By Charlotte Hansen
Emotional support animals and service dogs have been around for several years, but only recently has it become more popular at Lynn and at other universties around the world.
This past year saw seven registered animals on campus, and now there are 24. With different guidelines and restrictions for both service and emotional support animals, most students must abide by rule 220.127.116.11 of Lynn’s Community Code, which states that Lynn students can bring emotional support animals to campus. Most students can bring emotional support or service dogs/miniature horses on campus as long as they have a pre-existing medical condition.
Recently, Matthew Roche, the ADA Coordinator at the Institute of Acheivment and Learning, spoke about Lynn’s involvment with the growing number of service dogs and emotional support animals.
“An emotional support animal falls under the Fair Housing Act, not the American With Disabilites Act. Those dogs cannot go to class, the cafeteria, the library [or] any building except for their residence hall,” said Roche. “If you have a service dog, there are no real requirements becasue a service dog is specifically trained for a task associated with a disability.”
Before students can bring their pet on campus, there are significant amounts of paperwork involved to ensure validity, both from the student and the student’s doctor. According to Roche, a recommendation letter from the student’s doctor is essential, and it has to be on the physician’s official letterhead with the doctor’s medical license number.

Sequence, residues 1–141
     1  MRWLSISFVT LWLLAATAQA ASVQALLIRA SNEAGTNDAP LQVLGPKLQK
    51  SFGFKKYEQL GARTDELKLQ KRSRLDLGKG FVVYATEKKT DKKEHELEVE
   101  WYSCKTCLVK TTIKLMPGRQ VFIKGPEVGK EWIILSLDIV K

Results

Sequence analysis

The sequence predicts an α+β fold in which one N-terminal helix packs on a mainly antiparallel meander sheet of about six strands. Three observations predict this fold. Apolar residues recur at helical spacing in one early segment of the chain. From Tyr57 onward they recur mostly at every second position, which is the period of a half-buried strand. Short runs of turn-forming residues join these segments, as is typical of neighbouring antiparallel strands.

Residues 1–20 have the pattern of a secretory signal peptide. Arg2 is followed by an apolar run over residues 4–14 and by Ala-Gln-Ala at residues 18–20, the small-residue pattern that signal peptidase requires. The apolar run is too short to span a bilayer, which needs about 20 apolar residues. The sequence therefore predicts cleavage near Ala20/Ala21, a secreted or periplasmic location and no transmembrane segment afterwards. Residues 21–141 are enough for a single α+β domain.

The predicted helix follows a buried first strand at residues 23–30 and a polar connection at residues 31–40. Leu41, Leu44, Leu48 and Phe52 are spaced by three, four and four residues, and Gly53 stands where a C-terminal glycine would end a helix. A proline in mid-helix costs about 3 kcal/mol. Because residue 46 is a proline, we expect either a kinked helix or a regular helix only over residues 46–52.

Students also need to make sure that they are prepared to take care of the pet.
“Once I get that letter, I send a follow-up questionnaire to the treating physician that they are required to answer, giving us further details on their recommendation and seeing if it’s a really necessary accomodation,” Roche added.
“Last year we had seven registered, [this year] we have 24 now. It’s a big increase, and there are a lot of services that will write that initial letter without the doctor meeting with the student,” continued Roche. “There may not even be a need for it, but they’re meeting all the requirements that we need for the documentation.”
Once the paperwork is approved, it heavily depends on the animal and the student. If it is a service dog, students are allowed to keep them at their side at all times. If it is an emotional support animal, it will need to stay in the student’s room.
Roche and others have acknowledged marked growth in the past year. Without a doubt, students are loving the opportunity to have their pet on campus with them, seemingly providing an overall positive impact on the morale of community as well.